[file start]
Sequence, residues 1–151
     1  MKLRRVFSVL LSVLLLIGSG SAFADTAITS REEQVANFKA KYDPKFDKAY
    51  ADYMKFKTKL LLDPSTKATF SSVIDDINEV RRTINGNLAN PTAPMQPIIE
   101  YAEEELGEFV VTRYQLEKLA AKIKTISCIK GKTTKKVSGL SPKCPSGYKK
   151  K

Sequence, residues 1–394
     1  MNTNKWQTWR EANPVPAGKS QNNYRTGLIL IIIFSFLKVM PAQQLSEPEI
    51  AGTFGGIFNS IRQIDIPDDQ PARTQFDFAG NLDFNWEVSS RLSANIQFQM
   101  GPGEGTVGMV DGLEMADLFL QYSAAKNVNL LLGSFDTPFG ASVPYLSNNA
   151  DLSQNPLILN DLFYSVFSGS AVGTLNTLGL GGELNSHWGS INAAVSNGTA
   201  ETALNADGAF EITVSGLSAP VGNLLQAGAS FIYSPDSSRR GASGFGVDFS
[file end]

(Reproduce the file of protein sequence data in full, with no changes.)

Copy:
Sequence, residues 1–151
     1  MKLRRVFSVL LSVLLLIGSG SAFADTAITS REEQVANFKA KYDPKFDKAY
    51  ADYMKFKTKL LLDPSTKATF SSVIDDINEV RRTINGNLAN PTAPMQPIIE
   101  YAEEELGEFV VTRYQLEKLA AKIKTISCIK GKTTKKVSGL SPKCPSGYKK
   151  K

Sequence, residues 1–394
     1  MNTNKWQTWR EANPVPAGKS QNNYRTGLIL IIIFSFLKVM PAQQLSEPEI
    51  AGTFGGIFNS IRQIDIPDDQ PARTQFDFAG NLDFNWEVSS RLSANIQFQM
   101  GPGEGTVGMV DGLEMADLFL QYSAAKNVNL LLGSFDTPFG ASVPYLSNNA
   151  DLSQNPLILN DLFYSVFSGS AVGTLNTLGL GGELNSHWGS INAAVSNGTA
   201  ETALNADGAF EITVSGLSAP VGNLLQAGAS FIYSPDSSRR GASGFGVDFS